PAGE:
Cape Town has a “coloured” history in more ways than one.
For centuries different racial and ethnic groups have called this peninsula home. For centuries relationships between different races here have been subject to all sorts of social and power dynamics, often resulting in the privileging of one group over another, or the oppression of one group by another.
Today the three dominant race groupings attempt to exist side by side in this great city: black, white, and coloured. Although there are wonderful examples to the contrary, that existence is often one of unease. It colours the stories we live, and how we live next to each other in this city. Our skin colour, for better or for worse, makes a significant difference to how we experience this city.
For many this experience is not something they feel is adequately reflected upon from a spiritual point of view. Too often spirituality attempts to cover over difference, and neutralise experiences. At Hope City we want to recognise that the difference is real, that colour is an issue, and that one’s experiences of this city are significant. But we don’t want to stop there. We want to bring the Bible, and particularly the gospel of our Lord Jesus Christ, to bear upon these social and racial dynamics and the experiences we have as a result of them.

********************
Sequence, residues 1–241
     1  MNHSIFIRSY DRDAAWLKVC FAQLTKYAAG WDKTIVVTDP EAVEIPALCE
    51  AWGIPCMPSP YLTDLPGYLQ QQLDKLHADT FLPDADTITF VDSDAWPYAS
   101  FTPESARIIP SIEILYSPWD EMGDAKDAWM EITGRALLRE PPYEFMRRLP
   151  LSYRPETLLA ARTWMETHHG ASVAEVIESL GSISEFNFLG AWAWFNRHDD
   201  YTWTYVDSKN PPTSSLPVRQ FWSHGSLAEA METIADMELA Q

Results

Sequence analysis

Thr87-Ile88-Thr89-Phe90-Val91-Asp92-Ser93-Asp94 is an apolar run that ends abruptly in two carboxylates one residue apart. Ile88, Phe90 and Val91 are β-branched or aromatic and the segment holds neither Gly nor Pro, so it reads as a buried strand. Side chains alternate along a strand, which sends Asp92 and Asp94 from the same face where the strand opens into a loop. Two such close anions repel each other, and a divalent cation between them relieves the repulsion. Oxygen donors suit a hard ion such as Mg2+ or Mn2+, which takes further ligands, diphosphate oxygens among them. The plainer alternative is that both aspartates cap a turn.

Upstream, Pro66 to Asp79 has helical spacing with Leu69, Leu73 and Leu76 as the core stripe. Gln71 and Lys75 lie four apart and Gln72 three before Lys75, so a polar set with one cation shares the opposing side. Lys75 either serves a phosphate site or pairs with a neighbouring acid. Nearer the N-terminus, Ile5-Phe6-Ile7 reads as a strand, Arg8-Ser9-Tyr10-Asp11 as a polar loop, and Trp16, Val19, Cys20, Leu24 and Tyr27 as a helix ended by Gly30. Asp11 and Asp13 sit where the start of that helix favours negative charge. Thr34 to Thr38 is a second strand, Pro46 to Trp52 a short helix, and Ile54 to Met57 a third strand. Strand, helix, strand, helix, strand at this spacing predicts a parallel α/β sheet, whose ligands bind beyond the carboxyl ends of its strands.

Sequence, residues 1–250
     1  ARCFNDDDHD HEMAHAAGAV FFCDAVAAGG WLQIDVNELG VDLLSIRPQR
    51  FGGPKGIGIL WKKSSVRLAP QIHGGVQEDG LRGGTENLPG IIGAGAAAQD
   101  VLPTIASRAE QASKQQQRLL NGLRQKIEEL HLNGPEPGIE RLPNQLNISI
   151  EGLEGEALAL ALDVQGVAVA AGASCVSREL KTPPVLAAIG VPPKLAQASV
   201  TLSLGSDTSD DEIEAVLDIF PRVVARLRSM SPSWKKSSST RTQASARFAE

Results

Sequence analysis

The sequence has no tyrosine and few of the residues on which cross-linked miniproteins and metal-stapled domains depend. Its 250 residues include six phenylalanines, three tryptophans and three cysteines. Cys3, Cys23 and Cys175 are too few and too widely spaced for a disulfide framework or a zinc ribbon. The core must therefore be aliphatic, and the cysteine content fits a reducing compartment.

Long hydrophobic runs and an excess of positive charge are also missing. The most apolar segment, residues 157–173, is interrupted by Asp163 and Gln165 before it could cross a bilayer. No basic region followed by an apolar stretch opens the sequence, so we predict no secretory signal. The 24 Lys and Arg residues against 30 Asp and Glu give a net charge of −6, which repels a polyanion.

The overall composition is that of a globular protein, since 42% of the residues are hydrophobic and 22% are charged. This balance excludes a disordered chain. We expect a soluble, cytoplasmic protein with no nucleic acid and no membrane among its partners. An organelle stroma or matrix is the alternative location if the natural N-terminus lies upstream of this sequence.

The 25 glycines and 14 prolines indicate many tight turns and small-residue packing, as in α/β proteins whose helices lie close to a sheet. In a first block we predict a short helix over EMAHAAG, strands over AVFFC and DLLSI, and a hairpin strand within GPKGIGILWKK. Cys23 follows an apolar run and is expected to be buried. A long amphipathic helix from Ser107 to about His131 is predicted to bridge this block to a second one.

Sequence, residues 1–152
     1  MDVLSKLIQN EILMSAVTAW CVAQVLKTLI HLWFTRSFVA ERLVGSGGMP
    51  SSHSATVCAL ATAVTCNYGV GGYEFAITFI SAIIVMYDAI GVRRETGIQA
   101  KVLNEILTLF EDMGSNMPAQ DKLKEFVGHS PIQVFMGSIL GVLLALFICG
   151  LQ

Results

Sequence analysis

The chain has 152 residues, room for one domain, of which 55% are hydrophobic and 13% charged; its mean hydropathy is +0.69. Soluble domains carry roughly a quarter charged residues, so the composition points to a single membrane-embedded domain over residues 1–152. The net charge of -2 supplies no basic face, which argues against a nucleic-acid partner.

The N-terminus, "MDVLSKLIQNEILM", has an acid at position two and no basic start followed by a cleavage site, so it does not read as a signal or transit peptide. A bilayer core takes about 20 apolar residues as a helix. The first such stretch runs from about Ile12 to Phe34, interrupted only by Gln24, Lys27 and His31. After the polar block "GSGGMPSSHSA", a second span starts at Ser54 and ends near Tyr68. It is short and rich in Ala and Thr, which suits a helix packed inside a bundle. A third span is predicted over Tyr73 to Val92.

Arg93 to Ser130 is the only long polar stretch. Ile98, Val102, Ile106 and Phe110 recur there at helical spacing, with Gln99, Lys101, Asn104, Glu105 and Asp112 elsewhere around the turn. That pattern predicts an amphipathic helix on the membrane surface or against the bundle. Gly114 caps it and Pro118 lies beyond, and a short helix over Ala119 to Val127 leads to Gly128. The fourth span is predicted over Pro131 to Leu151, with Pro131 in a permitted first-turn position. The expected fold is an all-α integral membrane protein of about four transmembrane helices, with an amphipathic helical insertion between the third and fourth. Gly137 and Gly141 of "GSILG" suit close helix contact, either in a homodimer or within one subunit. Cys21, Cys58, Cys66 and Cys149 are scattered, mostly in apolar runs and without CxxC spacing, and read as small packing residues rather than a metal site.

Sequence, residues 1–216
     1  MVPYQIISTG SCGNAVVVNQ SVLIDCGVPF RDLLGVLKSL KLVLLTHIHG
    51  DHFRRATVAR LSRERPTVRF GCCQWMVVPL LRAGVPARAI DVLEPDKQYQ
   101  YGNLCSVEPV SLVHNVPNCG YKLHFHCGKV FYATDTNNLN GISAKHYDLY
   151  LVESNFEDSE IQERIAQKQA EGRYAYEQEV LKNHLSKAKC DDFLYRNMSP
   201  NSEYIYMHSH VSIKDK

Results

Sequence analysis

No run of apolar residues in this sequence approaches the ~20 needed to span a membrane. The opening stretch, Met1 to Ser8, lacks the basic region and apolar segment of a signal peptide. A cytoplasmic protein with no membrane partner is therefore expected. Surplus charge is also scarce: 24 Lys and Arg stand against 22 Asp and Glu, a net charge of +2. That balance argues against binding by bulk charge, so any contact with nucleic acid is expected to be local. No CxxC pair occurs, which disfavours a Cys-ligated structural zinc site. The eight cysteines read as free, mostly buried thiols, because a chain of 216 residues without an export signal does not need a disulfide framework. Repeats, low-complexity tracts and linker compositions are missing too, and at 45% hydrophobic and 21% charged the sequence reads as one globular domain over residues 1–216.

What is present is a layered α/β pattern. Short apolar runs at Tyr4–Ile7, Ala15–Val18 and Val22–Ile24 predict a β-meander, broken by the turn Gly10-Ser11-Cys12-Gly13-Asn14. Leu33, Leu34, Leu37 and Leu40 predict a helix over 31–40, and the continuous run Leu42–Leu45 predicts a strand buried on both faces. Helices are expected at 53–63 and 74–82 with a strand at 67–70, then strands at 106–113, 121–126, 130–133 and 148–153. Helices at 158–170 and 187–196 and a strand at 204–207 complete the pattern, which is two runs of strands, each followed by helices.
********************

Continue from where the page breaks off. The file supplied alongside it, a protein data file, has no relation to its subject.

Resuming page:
What does it mean to be a black Christian in Cape Town?
What does it mean to be a white Christian in Cape Town?
What does it mean to be a coloured Christian in Cape Town?
Over three weeks, and three different speakers, we hope to humbly and sensitively engage with our context and with God’s Word. We invite you to join us for this sermon series as we explore the Scriptures together for the good of each other, for the good of our city, and for the glory of God.
Peter Makapela is the pastor of Christ Church Strand in Zola Township. In his younger days he was actively involved with student politics as a member of the PAC. Consequently as a pastor he has retained a robust interest in the role of the church and society particularly as it relates to issues justice and reconciliation.
David Cloete divided his time growing up between Springbok and Elsies River. He studies at CPUT and George Whitefield College and currently works in the multi-cultural context of student ministry at CPUT, as well as being the youth pastor at the Metropolitan Evangelistic Church in Lavendar Hill.
Stephen Murray is the pastor of Hope City Presbyterian Church in the centre of Cape Town. He has deep struggle credentials as his dad grew up on Robben Island (albeit as the lighthouse keeper’s son). One of his many desires is to see churches developed and started in South Africa that are sensitive to the racial, social, and economic history of our country.